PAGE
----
On Shabbos Mevorchim Av we must take the special qualities of this day and utilize them in all the areas mentioned and may we merit that "Tziyon will be redeemed with justice."

May it be an immediate redemption, even before Tisha B'Av and before Rosh Chodesh Av, then these days will automatically be converted to holidays and days of joy -- with the true and complete redemption, speedily and truly in our days.


There is a special lesson to be gleaned from the association of Shabbos Mevorchim Menachem Av and the Torah portion of Mattos-Massei. The term "Mattos" emphasizes the attribute of power and rigidity. The two words "mateh" and "shevet" both mean a "staff" (and are both used for "tribe"). Yet there is a subtle difference between a pliable branch (shevet) and a strong staff (mateh). Thus, "Mattos" symbolizes that a Jew must be firm and strong -- not bending even a hairsbreadth when it comes to principles of Yiddishkeit, Torah and mitzvos.

This is congruous with the Mishnaic dictum to be as careful in fulfilling a minor mitzvah as a major mitzvah -- for when a Jew is truly connected to G-d and wants to fulfill the will of the King there will be no difference between minor and major, since G-d has commanded the mitzvos and desires that all of them be carried out.

"Massei" tells us of the travels and tribulations of the Jewish people from the time they left Egypt until the end of time -- the true redemption. More specifically it outlines the personal Divine service of man through his existence, and then there are also "42 travels every day."

Basically man's Divine service must always be in a state of movement, never being complacent with the present condition, always striving to go higher, "from strength to strength." This is after all a characteristic of all living beings: constant growth.

So there must be the initial exodus from the limitations and restrictions of the concealing world. From there, on to Mattan Torah and then further Massei to live life according to the laws of the Torah not according to the laws of society. Having attained that lifestyle and momentum one must keep on growing. When we think about the travels of the Jewish people in the desert we can understand the need for movement from Egypt to Mattan Torah, but why all the travel after Mattan Torah? The answer is that we heard the Ten Commandments and accepted the Torah. This must be followed by further personal progress in Torah; to reach that goal one must be on the move.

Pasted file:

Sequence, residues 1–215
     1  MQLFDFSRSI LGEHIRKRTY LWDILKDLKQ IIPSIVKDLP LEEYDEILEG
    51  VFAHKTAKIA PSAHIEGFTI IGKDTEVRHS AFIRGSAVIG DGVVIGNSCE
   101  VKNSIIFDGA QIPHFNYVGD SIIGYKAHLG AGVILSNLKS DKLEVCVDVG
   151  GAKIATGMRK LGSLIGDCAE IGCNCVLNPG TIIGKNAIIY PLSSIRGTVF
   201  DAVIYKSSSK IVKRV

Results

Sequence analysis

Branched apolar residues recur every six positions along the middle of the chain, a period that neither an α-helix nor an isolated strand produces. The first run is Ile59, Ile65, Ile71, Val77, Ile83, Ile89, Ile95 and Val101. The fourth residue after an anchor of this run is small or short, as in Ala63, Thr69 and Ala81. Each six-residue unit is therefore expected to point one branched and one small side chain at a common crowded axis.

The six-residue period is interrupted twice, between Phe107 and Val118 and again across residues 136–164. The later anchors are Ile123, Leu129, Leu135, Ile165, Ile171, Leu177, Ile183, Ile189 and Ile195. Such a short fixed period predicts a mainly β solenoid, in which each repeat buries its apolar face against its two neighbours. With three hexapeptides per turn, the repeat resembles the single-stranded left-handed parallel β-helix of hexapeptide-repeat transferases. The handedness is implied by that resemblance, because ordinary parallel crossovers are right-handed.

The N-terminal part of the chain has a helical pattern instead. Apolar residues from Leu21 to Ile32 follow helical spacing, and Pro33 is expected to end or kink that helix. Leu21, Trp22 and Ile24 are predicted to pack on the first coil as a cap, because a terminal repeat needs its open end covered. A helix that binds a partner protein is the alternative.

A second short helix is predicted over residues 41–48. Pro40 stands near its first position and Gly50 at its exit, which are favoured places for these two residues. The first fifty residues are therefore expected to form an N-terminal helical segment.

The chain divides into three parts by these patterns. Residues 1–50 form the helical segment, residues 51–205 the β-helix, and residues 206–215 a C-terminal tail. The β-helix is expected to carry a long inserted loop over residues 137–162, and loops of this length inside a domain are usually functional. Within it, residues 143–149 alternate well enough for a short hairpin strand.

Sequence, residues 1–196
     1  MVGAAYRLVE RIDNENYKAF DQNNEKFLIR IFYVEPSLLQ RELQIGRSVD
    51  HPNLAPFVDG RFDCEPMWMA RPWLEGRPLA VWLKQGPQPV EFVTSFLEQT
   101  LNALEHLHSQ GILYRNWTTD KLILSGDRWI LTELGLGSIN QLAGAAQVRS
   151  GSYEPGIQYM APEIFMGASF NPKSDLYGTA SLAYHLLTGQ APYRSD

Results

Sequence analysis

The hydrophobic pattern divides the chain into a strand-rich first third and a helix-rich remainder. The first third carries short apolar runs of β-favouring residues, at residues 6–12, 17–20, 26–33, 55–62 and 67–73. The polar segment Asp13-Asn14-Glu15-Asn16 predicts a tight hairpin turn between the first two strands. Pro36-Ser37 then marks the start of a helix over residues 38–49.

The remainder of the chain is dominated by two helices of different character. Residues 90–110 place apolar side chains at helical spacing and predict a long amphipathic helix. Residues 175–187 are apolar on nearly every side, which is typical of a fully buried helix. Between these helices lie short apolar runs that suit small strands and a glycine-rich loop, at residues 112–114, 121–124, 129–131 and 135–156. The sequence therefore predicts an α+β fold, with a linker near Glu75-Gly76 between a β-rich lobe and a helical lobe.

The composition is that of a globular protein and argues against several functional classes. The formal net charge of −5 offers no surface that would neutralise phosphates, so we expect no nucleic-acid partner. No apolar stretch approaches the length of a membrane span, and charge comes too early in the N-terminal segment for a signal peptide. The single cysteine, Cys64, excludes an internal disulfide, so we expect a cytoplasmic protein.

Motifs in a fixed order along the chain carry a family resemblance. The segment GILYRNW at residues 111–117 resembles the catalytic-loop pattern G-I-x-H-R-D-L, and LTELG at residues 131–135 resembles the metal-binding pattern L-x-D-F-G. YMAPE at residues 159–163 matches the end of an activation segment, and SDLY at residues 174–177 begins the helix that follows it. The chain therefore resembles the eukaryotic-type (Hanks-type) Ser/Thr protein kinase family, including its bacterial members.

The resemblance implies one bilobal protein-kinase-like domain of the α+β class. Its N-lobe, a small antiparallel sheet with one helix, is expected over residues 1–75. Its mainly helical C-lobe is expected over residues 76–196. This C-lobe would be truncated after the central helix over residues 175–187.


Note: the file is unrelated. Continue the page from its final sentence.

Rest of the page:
In our daily life, when we recite Modeh Ani in the morning we experience an exodus, for we thank G-d for restoring our soul and we testify that our awakening is not just a natural occurrence. Reciting the morning Torah blessings is our daily Mattan Torah, and the verses from scripture and Mishnah included in the morning prayers constitute the initial steps of our daily study. This continues when we proceed to the house of study after completing our prayers in the synagogue; all this symbolizes the "travels." During the rest of the day when we apply the principles of Torah to our everyday life we retrace the travels of the Jewish people after Mattan Torah, when the application of Torah was greatly enhanced.

When "Mattos" and "Massei" are combined the strength of "Mattos" takes on the progressive movement of "Massei" so that steadfastness and strength grows stronger and stronger.

At the same time the steady growth in matters of holiness attains an aspect of strength and even those aspects of Jewish life which represent only custom or greater piety are also invigorated and empowered. So that all aspects of Shabbos Mevorchim Menachem Av are enhanced and invigorated.

May the final "move" come speedily, and bring us to the Holy Land with the true and complete redemption through our righteous Moshiach. Then we will no longer be obligated to request favors of patronizing gentile nations for we will live freely in our land under the rule of the Jewish monarchy.

To speed this we must increase our activities in Torah and mitzvos, including our fervent plea for salvation: "Speedily cause the scion of Dovid Your servant to flourish...," and, as we say in the prayer also on Shabbos and Yom Tov: "May our eyes behold Your return to Tziyon in mercy."

With joy and gladness, including the joy of a Chassidic farbrengen, the saying of "L'Chaim, L'Chaim V'levracha" to each other. This joy will burst the restriction of the golus and we will attain the perfect joy with the true and complete redemption through our righteous Moshiach, speedily and truly now.


Earlier we discussed the special quality of different times as related to man's Divine service. e.g. extra Torah on Shabbos and during Shemittah.

Similarly, in speaking of place there can be a distinct difference in man's Divine service from place to place and it may be expressed in the Divine service of "Massei," in the realm of Torah study, Ahavas Yisrael and Jewish unity.

The Divine service of "Massei" tells us to move on and advance even when we are happily involved in learning Torah from Moshe our teacher. "But," you ask, "what could be better than that?" Just as there were travels after Mattan Torah so, too, must one advance even in the loftiest levels of Torah study.

When one is at home in the normal setting of daily events it is often hard to break out of habit and move up. Not so when one travels to another place. Then, just as there are changes in his physical movements so, too, can he make greater spiritual studies in an ever-increasing way.